Charlize Theron's character in the new dark comedy Gringo is so awful that she actually worried about offending the crew. Playing another blonde bad-ass after her turn in last year's Atomic Blonde, Theron plays one of the baddies this time. Her character Elaine, along with boyfriend Richard (Joel Edgerton), are manufacturers of a "weed pill" to be mass-produced in Mexico, where they send underling Harold (David Oyelowo) to supervise the production.
To many fanboys, Angelina Jolie was - and perhaps still is - the definitive Lara Croft incarnate. But Swedish actress Alicia Vikander was not daunted by stepping into the Hollywood star's boots as the kick-ass archaeologist protagonist in the new Tomb Raider movie, the origin story of the popular video game character Jolie played in 2001's Lara Croft: Tomb Raider.
"I feel like I lease out my body willingly and consensually for my art. And I am happy to do it. There are many things that you have to sacrifice when you are shooting a movie." That was Jennifer Lawrence, talking about her decision to do nudity in her new film Red Sparrow, even though she found the prospect daunting. "There was a lot of stuff that made me nervous before I said yes to this movie," she said at our interview at the London Hotel in West Hollywood.
Muck Rack makes it simple to find people, tweets, or articles that mention any name, keyword, company, hashtag etc. We've compiled this guide to help you make the most of your search.
Selecting a term
Start searching tweets, articles from media outlets, articles mentioned in tweets, journalists'
names, titles and bios with some suggested searches:
Companies or Topics (e.g. iPhone, Microsoft)
Phrases (e.g. "cloud computing") — use quotes to keep the terms together
Twitter handles (e.g. @username) — returns those who have mentioned or replied to
Names (e.g. "David Pogue")
Hashtags (e.g. #sxsw, #london2012)
Bio details (e.g. vegan, Olympics, father)
Muck Rack's Advanced Search allows for many boolean operators.
Find results that mention multiple specified terms, use AND or
+. For example, ensure each result contains both Elon Musk and Mark Zuckerberg by
searching Musk AND Zuckerberg or Musk + Zuckerberg.
Use the operators OR or , to broaden your search when you'd like either of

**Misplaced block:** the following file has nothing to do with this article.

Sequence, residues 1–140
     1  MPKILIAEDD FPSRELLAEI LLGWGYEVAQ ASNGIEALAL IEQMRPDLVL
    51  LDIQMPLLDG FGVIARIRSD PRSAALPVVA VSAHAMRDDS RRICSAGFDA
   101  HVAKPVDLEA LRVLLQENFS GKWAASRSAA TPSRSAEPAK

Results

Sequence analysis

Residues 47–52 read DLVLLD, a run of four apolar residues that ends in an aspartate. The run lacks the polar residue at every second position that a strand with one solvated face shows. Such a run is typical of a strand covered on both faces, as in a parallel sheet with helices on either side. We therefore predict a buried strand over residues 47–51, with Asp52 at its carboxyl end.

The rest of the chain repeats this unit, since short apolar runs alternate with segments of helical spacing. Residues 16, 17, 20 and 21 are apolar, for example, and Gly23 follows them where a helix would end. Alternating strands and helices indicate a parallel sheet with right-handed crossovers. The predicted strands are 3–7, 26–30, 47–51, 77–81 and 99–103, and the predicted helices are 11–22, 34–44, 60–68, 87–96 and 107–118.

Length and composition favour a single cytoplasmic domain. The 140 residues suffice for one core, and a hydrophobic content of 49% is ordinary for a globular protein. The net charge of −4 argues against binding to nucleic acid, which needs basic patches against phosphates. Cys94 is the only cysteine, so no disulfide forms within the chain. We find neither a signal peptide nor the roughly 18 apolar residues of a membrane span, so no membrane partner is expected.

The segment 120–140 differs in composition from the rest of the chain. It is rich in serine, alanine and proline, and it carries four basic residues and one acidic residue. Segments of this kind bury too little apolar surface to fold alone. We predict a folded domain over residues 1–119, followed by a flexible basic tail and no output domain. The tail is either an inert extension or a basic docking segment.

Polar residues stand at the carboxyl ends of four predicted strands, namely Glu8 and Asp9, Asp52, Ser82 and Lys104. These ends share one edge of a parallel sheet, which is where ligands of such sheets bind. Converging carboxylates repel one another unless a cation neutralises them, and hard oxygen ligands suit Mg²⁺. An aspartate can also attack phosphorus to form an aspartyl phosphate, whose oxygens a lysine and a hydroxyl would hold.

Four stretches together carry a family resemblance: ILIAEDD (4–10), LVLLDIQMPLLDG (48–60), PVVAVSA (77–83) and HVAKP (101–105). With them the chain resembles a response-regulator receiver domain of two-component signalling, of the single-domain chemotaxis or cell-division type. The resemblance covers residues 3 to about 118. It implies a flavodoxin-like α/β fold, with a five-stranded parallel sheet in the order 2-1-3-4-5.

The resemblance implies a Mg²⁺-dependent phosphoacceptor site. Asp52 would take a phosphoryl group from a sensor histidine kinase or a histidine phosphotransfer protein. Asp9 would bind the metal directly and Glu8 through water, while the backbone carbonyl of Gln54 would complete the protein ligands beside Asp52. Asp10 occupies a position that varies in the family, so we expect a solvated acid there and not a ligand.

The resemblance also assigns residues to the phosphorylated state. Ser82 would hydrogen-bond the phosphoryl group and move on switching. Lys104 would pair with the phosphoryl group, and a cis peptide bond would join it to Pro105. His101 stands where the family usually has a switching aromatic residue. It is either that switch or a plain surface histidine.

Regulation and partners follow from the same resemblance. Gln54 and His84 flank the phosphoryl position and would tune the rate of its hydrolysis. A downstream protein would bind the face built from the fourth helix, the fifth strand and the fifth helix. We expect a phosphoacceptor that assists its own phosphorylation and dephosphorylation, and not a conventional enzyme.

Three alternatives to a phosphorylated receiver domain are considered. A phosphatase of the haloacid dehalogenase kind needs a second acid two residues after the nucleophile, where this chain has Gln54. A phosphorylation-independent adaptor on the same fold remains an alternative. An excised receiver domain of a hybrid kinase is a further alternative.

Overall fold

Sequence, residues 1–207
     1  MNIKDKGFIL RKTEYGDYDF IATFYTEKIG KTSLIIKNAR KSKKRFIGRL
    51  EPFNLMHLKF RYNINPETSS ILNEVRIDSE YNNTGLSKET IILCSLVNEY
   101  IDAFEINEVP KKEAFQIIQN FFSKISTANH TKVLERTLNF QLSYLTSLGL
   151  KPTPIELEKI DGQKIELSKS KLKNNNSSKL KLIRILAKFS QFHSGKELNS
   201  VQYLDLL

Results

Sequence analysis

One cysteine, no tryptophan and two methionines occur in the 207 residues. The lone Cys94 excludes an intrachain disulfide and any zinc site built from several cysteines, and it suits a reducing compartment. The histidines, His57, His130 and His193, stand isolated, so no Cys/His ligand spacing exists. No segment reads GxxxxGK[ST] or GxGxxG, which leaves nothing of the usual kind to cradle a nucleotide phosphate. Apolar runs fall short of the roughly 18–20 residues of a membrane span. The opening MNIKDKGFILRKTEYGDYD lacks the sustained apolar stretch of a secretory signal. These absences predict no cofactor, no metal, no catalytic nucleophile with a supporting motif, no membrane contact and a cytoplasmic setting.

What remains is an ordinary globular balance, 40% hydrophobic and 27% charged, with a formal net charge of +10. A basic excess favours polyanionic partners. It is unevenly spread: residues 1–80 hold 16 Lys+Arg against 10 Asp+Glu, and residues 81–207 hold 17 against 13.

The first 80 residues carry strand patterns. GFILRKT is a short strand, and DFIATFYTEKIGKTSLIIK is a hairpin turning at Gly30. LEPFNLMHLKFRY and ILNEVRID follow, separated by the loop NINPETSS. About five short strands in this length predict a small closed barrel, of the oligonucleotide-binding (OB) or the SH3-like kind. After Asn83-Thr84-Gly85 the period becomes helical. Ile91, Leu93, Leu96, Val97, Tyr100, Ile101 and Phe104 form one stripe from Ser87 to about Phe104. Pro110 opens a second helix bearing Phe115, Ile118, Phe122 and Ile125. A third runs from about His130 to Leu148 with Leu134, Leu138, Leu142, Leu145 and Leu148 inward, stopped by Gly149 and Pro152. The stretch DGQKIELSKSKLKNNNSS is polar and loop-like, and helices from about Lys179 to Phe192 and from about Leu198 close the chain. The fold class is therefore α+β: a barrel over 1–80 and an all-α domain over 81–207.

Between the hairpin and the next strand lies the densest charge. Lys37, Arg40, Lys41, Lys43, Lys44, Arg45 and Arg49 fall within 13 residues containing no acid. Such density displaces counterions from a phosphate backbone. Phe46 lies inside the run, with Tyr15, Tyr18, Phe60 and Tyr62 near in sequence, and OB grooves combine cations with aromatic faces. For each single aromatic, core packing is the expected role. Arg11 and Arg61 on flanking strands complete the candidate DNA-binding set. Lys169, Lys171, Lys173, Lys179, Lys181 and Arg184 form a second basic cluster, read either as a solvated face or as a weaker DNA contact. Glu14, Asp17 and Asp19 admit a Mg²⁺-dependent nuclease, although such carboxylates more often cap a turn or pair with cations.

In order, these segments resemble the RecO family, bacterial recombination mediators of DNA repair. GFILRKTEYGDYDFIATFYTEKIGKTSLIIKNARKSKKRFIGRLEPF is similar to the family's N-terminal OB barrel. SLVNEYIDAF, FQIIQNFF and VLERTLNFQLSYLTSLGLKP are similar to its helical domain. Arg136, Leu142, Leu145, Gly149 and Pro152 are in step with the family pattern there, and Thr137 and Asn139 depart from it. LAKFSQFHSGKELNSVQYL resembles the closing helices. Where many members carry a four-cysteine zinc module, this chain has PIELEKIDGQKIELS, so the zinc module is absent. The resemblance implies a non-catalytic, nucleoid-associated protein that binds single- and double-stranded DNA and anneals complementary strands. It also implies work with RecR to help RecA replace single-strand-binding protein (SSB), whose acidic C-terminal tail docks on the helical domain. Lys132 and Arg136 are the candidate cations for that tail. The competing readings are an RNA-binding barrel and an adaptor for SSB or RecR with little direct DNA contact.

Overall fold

multiple terms to appear in results. (This is the default behavior of our search when no operators
are used). For example, results will contain either cake or cookie by searching cake OR cookie or cake,cookie
Use NOT or - to subtract results from your search. For
example, searching Disney will yield results about the Walt Disney Company as well as Walt Disney
World Resort. To exclude mentions of Disney World, search for Disney -World or Disney
When using one of these operators with a phrase, enclose it in quotation marks. For example, you can
find results about smartphones excluding Apple's iPhone 4S by searching smartphone -"iPhone
Exact case matching or punctuation
If you're searching for a brand name or keyword that relies on specific punctuation marks or capitalization, you can
find results that match your exact query by adding matchcase: before the keyword you're searching for, like matchcase:E*TRADE .
Use parentheses to separate multiple
boolean phrases. For example, to find journalists talking about having fun in Disney World or
Disneyland, search for ("disney world" OR disneyland) AND fun.
An asterisk can be used to search for any variation of a root word truncated by the asterisk. For example, searching for admin* will return results for administrator, administration, administer, administered, etc.
A near operator is an AND operator where you can control the distance between the words. You can vary the distance the near operation uses by adding a forward slash and number (between 0-99) such as strawberries NEAR/10 "whipped cream", which means the strawberries must exist within 10 words of "whipped cream".